Today was a full free day, and thanks to Omar from Casa de los Sabores, we got to go on a day trip out of Oaxaca and to some villages in the east.
We started out the morning at the market in Tlacolula, where we had a group breakfast. Most of us had spicy barbacoa soup, mushroom/cheese/squash blossom quesadillas, and these delicious chicken taquitos topped with everything.
Afterward we went on winding bumpy roads through the mountains to get to Hierve el Agua (boiling the water), the source of what we hoped were hot springs. The place is so named because water bubbles out of the earth, as if it was boiling. Which is to say that it wasn't boiling, because the water wasn't hot. Nevertheless, this pool of collected spring water made for a decent pool. Even better is that it looks as if on the edge of a cliff when there's actually a slight slope down on the other side. In fact, when people enter the pool, water is displaced and starts to flow down the other side, as if a mini waterfall.
After swimming, part of the group went on a hike over to the top of this petrified waterfall (and then wound down into the valley before coming back). I opted not to hike, which was just as well because one part of the hike required clinging onto the rock since there was barely a path.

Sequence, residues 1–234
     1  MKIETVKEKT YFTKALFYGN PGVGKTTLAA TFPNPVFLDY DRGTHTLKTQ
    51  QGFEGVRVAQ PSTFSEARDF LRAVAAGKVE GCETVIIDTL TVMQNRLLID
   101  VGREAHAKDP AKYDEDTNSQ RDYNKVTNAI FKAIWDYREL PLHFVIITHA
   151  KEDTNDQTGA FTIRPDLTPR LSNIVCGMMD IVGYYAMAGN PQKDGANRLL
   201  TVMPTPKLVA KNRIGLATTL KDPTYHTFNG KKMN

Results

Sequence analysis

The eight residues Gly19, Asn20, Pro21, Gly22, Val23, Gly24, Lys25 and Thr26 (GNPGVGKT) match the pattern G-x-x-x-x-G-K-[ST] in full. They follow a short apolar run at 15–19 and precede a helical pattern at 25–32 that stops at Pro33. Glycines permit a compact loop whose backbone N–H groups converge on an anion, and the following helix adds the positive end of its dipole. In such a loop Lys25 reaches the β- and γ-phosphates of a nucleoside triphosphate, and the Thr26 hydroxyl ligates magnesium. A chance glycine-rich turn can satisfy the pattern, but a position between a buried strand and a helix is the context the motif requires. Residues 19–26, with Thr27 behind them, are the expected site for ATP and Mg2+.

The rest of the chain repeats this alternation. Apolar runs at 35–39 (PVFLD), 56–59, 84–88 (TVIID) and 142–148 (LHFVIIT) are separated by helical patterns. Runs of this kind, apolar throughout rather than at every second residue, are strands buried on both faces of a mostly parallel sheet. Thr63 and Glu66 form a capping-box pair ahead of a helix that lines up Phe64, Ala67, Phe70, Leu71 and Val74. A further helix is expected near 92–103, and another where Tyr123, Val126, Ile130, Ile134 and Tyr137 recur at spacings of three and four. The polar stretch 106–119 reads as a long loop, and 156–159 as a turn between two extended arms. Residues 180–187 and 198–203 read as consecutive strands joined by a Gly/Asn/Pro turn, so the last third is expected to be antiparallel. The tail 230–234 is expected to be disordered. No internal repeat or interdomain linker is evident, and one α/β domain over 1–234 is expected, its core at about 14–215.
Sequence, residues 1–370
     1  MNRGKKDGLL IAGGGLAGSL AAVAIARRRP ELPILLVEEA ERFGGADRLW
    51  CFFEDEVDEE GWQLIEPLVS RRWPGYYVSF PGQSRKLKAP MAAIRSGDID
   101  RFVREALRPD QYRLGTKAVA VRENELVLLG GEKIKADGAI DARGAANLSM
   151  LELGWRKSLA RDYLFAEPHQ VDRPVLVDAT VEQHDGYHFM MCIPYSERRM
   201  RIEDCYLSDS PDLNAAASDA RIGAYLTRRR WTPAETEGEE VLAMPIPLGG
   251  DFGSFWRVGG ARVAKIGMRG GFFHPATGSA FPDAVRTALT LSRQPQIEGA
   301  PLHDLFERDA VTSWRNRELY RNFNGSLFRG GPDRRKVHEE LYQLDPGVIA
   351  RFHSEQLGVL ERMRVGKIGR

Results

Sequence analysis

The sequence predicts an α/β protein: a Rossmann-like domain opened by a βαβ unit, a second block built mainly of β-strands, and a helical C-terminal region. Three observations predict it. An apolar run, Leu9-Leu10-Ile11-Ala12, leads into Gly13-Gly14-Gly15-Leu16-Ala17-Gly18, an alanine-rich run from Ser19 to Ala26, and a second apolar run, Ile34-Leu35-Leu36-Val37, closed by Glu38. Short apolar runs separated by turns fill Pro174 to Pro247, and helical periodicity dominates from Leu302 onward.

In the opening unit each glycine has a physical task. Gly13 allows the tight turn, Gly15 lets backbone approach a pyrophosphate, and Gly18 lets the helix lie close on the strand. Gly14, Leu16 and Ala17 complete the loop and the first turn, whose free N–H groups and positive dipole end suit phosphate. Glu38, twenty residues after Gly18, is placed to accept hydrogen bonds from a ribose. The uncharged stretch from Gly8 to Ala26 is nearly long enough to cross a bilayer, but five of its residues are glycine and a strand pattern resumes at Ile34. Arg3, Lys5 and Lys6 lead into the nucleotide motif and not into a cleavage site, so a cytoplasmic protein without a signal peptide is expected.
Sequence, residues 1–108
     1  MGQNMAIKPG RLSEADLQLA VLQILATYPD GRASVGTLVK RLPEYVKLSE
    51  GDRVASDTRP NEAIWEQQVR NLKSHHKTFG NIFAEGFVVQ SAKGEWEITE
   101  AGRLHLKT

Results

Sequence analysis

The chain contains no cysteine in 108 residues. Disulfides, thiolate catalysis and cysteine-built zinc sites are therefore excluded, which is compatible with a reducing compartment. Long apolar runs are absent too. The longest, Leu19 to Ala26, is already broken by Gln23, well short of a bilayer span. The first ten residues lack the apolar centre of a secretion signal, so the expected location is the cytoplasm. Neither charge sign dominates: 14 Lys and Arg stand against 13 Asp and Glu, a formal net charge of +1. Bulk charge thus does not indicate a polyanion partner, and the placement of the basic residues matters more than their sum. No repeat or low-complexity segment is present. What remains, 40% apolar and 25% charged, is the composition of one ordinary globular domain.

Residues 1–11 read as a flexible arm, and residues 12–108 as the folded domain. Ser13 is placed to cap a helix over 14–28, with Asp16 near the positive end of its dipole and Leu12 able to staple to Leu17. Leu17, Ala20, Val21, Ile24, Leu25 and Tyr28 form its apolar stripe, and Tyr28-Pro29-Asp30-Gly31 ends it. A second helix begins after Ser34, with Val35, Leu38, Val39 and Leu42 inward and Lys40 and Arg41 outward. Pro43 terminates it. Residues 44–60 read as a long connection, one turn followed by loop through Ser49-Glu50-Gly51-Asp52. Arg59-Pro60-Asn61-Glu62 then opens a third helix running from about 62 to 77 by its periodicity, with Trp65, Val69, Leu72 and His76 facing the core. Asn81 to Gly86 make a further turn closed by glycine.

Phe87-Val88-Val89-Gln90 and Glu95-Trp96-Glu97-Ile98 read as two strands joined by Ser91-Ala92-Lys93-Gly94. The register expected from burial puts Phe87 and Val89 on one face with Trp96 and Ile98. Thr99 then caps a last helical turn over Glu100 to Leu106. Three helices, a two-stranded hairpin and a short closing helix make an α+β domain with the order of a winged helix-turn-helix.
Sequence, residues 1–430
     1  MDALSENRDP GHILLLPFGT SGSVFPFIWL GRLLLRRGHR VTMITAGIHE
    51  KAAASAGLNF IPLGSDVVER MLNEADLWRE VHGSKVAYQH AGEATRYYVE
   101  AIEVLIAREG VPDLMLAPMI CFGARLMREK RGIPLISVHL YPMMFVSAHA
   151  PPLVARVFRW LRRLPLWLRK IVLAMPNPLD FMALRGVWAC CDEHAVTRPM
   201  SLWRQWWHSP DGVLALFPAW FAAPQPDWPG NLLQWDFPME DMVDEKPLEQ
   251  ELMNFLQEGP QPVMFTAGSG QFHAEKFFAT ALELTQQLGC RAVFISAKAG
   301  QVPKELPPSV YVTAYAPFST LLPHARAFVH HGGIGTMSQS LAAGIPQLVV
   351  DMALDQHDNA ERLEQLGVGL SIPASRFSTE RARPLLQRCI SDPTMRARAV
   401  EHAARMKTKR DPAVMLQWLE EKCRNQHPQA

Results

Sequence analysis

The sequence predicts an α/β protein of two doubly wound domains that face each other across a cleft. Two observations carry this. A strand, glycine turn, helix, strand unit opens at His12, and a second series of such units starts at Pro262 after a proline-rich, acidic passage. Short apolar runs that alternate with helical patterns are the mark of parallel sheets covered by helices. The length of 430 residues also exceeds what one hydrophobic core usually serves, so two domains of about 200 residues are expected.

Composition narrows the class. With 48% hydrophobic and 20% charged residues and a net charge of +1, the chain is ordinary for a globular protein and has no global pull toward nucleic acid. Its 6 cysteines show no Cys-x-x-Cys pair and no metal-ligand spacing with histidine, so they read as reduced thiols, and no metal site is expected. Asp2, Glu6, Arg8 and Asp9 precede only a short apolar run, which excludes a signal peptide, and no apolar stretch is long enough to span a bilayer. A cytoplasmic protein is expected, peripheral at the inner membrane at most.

Instead I sunbathed and ate sandwiches that Cris and I prepped last night.
After Hierve el Agua we made a stop at Mitla, to see the intricate stonework on the Zapotec ruins there. Since not everyone wanted to stop, we didn't pay to go into the more extensive ruins and only saw this very small free part.
Then we went to the village of Teotitlán del Valle, known for its weaving work. We stopped by this one house where one of the weavers offered to explain the process to us. Besides showing us the bases of the different dyes (such as cochineal beetles, which are dried and pulverized, then mixed with substances of different pHs to create colors ranging from orange to purple), he also led us to the courtyard where the largest loom was. Two men working simultaneously to weave a 10m by 14m (33' by 46') carpet. Just in case you ever want one, it's 12,000 pesos (less than $1000!).
After that we wandered around to different shops to peruse the collections of carpets and rugs. Some of us bought the weavings to take home. I got a café frappé and some earrings. Exciting, I know.
Our last stop was El Tule, where the biggest tree in Latin America stands. I think the trunk's circumference is greater than 80 schoolchildren's armspans combined. Too bad we couldn't climb it!
For more pictures of today's trip, see here!